Last year Time wrote about the danger levees bursting and water flooding into the city from Lake Pontchartrain, saying, “What would ultimately remain of the city may not be worth preserving.” And as recently as July 18, a few weeks before Katrina was even a tropical breeze, U.S. News had a feature article titled “Big Blow in the Big Easy.” U.S. News prophetically cited the director of LSU’s hurricane studies department saying, “If a hurricane comes next month [which it did], New Orleans could no longer exist.” These are only three of countless warnings both nationally and locally that have been sounding for many years. Unlike the tortured search for memos and “warnings” of 9/11, disaster experts, the Army Corps of Engineers and previous FEMA administrators have been openly screaming in alarm to the Bush White House that New Orleans was in danger.

It also must be noted that, unlike the 9/11 surprise attack on the World Trade Center and the Pentagon, Katrina’s deadly path to New Orleans was tracked for a full five days.

No SUV Left Behind

Here’s where one of the most embarrassing episodes of modern American history turns even uglier. On Sunday, August 28th, the day before the storm hit the Gulf Coast, the Governor of Louisiana ordered New Orleans evacuated. In Louisiana, however, the word “evacuation” takes on a meaning of its own. It means those who can leave should pack up a few valuables and get their butts out of town, pronto. And flee they did, packing up SUVs and checking into hotels from Atlanta to Houston.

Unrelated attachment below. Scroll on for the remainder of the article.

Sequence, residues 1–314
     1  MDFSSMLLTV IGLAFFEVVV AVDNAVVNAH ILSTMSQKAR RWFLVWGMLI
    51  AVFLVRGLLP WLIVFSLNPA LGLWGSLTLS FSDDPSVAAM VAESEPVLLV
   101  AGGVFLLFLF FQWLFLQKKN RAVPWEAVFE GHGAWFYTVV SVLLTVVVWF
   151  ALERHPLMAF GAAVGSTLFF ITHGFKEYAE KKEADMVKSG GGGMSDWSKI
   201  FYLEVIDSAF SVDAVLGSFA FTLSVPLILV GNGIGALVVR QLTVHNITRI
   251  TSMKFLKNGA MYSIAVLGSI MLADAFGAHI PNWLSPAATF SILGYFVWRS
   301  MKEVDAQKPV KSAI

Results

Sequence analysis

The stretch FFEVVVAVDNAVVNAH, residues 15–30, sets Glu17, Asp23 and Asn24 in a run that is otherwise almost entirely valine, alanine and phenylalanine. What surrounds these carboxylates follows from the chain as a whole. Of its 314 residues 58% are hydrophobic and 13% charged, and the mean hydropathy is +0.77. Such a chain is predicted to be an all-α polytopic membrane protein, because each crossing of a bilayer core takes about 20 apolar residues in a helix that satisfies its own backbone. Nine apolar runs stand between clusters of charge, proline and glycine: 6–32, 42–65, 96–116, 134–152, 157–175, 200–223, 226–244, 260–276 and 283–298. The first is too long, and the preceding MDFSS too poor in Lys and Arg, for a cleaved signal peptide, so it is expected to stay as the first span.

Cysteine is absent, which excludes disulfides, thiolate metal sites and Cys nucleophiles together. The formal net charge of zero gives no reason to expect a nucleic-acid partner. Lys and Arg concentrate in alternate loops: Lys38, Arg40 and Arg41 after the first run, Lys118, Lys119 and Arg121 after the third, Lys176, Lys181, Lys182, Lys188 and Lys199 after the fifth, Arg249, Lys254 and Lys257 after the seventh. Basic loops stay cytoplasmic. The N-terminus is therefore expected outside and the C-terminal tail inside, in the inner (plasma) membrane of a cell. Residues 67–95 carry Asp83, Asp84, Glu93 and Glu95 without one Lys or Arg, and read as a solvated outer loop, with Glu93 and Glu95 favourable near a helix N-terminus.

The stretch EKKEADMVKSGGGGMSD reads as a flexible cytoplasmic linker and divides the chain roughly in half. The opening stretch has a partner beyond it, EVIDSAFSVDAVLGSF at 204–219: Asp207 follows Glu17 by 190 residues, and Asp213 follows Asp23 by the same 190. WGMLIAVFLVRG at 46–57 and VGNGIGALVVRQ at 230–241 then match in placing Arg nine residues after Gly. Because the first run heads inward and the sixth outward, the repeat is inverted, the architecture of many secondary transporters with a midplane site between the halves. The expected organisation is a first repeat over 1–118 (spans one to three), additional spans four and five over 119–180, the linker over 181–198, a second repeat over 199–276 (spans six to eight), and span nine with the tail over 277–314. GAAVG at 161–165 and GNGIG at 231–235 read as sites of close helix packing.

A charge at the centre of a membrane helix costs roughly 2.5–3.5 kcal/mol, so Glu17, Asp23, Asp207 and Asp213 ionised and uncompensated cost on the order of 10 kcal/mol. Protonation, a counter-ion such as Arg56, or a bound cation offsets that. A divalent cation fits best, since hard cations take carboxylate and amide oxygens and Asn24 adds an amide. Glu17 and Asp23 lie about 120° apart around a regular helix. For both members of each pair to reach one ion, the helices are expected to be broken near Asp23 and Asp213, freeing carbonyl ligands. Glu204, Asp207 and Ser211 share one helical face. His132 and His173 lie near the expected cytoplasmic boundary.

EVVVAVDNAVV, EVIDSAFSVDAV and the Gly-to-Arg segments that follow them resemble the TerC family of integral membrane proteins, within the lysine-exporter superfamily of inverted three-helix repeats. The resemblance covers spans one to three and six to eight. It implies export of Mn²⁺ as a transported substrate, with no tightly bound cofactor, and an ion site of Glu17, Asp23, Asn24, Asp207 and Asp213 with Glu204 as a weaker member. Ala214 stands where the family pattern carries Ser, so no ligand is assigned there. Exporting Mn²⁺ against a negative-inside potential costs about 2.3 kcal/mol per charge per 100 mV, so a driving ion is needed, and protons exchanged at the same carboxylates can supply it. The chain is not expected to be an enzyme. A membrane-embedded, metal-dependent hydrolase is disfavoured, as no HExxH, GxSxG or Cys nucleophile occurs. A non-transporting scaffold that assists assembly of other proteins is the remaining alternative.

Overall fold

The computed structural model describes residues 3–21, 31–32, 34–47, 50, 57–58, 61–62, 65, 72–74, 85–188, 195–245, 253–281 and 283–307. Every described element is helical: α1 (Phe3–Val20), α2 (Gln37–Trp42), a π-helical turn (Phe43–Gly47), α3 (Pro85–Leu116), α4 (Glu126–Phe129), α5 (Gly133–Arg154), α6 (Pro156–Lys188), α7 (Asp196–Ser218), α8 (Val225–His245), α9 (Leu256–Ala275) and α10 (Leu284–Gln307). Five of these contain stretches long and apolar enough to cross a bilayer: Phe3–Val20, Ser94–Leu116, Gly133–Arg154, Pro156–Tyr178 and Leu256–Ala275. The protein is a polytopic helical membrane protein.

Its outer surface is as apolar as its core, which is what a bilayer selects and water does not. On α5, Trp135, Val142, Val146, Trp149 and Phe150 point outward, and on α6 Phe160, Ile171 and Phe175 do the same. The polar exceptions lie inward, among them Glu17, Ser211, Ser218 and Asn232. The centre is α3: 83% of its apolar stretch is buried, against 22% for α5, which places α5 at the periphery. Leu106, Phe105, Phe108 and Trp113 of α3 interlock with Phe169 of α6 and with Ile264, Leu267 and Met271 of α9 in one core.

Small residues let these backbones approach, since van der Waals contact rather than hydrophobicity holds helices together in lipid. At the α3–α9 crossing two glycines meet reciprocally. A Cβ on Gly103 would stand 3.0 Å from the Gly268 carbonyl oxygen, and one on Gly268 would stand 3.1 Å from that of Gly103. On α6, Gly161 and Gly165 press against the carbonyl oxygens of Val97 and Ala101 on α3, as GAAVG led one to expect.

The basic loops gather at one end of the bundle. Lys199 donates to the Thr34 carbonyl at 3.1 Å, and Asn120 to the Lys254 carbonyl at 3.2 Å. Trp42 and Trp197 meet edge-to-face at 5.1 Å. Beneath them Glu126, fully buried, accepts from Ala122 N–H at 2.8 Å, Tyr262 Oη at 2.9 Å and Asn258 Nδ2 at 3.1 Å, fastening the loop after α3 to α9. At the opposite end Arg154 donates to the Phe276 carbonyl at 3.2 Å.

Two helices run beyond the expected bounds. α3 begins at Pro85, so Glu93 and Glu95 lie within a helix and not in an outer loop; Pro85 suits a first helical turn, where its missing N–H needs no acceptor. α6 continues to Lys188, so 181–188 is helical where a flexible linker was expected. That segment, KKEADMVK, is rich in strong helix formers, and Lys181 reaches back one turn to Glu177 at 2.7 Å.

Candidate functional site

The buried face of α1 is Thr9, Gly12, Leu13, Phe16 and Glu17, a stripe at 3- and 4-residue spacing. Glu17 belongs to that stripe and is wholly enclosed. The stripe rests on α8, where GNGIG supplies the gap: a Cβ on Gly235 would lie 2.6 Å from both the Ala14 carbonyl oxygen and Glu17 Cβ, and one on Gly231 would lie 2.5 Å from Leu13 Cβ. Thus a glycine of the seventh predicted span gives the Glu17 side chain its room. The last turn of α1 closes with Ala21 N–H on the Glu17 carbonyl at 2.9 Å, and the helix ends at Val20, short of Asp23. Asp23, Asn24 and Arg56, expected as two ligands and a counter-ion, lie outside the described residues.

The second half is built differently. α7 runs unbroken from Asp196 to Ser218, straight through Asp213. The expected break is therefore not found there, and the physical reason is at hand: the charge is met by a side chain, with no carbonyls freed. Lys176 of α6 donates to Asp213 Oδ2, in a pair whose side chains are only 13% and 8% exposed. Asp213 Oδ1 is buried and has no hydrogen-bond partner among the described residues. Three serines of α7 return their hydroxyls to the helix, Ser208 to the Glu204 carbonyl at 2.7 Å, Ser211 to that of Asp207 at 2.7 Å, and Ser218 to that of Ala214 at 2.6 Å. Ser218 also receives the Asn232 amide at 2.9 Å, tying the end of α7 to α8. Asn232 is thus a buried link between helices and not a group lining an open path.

In an Armageddon-like scenario, over 100,000 New Orleans residents were left behind, and the ugly truth is that those left behind were mostly either too poor or too infirm to leave. New Orleans was, in fact, in a state of disaster before Katrina struck and before the levee failed. Over one quarter of New Orleans’ population struggled to live below the federal poverty line in some of the most substandard housing in the country. Over 100,000 of them lacked access to automobiles, giving New Orleans the lowest auto ownership rate in the U.S.—even lower than New York City, which has the nation’s most comprehensive mass transit system.

When the evacuation order came, public busses were running on a Sunday schedule. The few that were running ceased operating by late afternoon as the system was shut down—no doubt with the bus drivers themselves heading to dry ground. School busses that could have been employed in the evacuation effort were left locked up in mostly low-lying parking lots and were eventually submerged in the flood.

The story continued to grow more sickening. As is the case in urban areas around the world, the poorest people in New Orleans lived in the most environmentally vulnerable neighborhoods—on some of the lowest and quickest-to-flood terrain. As the floodwaters slowly rose, people moved from their first-floor residences to their attics, and eventually from their attics onto their roofs. The water surrounding them was full of raw sewage, decomposing bodies of animals and humans, pesticides, and wharf rats.